What can we learn from the Rachel Corrie case
A court will rule on Tuesday on the suit filed by the family of the American activist against the state over responsibility for her death.
On a foggy winter morning in early 1967, several young men were strolling through London's Hampstead Heath park. One was carrying a bucket, an odd sight, but it didn't attract any attention. The young men had deliberately picked a time when the park was fairly empty to carry out their intention without being impeded: the first successful trial of a leaflet bomb, a pre-Internet era invention.
For several years and during the peak of oppression and silencing of apartheid opponents, the leaflet bomb, or bucket bomb as it also came to be called, delivered the African National Congress's message to South Africa's black people. Devised and developed by political exiles living in Great Britain, the organizers enlisted a network of thoroughly white volunteers who traveled to South Africa carrying thousands of leaflets printed on tissue-thin paper and small bomb components concealed in false-bottomed suitcases. These components would later be assembled in hotel rooms in Johannesburg and Cape Town, concealed in buckets bought at neighborhood stores.
The buckets would be packed with leaflets and then left at busy streets during rush hours, when and where blacks were hurrying back from work to their distant homes. Detonated by timers, the small bombs would scatter the leaflets throughout the streets. The volunteers knew that were they caught, the representatives of law and order would torture them and then indict and convict them of terrorism. This was pre-Google. There were no computers to search and discover that the volunteers' white pigmentation hid incriminating membership and activity in British left-wing groups.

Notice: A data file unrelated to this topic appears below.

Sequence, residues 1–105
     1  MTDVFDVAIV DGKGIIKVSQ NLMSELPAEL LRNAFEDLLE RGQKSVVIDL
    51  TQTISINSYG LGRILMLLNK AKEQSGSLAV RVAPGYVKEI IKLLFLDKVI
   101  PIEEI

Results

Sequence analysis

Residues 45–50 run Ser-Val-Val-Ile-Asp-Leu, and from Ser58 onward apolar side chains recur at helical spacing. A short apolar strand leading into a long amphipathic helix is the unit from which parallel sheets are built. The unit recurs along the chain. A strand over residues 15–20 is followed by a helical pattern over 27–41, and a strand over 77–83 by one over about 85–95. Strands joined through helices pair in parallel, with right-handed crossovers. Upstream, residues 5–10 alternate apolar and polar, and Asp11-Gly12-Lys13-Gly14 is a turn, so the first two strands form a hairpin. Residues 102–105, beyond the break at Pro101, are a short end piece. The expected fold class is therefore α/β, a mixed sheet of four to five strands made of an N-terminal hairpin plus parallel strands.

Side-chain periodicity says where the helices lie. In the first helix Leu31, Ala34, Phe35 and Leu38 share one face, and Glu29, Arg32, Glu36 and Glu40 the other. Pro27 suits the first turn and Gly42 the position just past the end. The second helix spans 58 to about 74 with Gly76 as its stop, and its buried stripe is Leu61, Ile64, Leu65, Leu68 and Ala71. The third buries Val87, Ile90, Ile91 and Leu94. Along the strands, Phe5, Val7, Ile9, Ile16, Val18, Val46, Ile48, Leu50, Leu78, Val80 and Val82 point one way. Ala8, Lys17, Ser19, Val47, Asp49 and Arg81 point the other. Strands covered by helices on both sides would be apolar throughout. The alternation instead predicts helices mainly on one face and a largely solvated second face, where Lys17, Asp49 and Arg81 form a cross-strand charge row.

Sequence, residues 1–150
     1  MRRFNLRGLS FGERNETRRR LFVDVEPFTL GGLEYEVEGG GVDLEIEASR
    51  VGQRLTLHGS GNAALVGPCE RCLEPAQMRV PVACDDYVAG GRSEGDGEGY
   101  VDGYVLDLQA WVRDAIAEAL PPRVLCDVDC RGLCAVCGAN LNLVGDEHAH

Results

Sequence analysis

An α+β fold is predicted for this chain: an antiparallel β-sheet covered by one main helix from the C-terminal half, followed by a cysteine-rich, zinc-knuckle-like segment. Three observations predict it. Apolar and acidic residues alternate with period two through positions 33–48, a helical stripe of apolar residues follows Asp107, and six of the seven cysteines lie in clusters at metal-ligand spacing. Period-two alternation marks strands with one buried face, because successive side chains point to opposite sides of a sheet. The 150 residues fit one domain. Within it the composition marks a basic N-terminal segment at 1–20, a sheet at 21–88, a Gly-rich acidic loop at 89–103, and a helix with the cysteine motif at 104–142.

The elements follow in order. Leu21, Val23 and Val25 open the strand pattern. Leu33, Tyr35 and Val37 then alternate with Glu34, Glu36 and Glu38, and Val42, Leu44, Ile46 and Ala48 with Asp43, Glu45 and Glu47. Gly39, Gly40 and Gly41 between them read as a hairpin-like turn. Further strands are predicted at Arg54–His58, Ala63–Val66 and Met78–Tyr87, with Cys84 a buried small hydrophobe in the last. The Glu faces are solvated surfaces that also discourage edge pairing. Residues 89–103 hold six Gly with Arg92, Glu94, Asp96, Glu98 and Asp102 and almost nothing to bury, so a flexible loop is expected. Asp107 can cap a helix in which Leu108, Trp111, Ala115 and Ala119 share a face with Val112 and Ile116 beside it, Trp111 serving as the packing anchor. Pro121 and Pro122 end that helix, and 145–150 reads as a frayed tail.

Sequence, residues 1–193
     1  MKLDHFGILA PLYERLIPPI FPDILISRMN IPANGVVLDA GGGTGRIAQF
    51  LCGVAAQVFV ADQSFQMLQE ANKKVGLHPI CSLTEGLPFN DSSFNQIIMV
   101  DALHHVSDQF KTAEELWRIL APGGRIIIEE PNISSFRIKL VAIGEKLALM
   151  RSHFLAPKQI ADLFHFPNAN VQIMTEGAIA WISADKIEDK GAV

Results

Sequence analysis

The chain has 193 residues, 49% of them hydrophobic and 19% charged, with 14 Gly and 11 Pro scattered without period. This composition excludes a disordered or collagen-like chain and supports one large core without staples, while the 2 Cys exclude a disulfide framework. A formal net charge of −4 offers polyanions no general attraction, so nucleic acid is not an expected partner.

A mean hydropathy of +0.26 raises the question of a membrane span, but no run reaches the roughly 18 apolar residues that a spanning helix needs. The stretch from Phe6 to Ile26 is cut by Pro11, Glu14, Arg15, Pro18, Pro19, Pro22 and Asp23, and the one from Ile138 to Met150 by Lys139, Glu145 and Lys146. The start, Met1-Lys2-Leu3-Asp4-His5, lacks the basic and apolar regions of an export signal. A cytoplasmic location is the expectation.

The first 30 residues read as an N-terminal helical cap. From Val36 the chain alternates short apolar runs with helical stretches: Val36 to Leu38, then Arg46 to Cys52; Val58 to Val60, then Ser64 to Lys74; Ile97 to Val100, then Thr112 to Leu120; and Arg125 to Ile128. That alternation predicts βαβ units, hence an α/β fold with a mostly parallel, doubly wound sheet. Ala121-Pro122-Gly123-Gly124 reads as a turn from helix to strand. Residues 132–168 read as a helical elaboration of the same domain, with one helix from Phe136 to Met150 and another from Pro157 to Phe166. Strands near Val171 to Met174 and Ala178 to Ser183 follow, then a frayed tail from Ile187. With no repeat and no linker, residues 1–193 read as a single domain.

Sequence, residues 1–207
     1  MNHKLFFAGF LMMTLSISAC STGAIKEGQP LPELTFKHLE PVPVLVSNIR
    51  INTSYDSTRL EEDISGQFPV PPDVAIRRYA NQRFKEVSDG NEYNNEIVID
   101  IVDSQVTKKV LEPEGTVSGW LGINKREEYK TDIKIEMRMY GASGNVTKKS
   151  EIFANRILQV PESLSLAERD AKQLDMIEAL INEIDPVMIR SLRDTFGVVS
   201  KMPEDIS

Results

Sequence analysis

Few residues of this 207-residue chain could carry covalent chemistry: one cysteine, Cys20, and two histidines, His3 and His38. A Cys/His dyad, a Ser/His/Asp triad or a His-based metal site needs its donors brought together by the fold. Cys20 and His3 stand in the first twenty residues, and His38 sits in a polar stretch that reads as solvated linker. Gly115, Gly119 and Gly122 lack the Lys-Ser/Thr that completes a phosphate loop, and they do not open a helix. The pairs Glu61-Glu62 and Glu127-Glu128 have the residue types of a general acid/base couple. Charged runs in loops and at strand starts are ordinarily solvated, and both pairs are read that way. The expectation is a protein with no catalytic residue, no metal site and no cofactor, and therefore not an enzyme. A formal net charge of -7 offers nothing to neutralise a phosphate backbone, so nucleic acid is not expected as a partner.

A collection of their memoirs was published this year in a book called "London Recruits: The Secret War Against Apartheid" (compiled and edited by Ken Keable, The Merlin Press, U.K.). The introduction to the book was written by Ronnie Kasrils, responsible for creating the network and later on a minister of intelligence services in post-apartheid South Africa. "What drives individuals to engage in struggles for a just cause in distant lands at considerable personal cost?" ask Kasrils, the son of a Jewish family and a member of the Communist Party, and answers: principles, beliefs, a healthy dose of adventure and romanticism and a sense of international solidarity. Coincidentally or not, many of his recruits were Jews.
In the introduction to the book, he continues to say that history demonstrates that even today there are women and men with similar principles and passion: "In Palestine today the sacrifice of the young American volunteer Rachel Corrie, crushed during an Israeli house demolition in Gaza, represents a milestone of such solidarity."
On Tuesday, Haifa District Court Judge Oded Gershon will publish his ruling on the civil suit brought by Corrie's family against the State of Israel for being responsible for her death and for failing to hold a full and credible investigation into the circumstances of the killing. The state had declared that Corrie was responsible for her own death.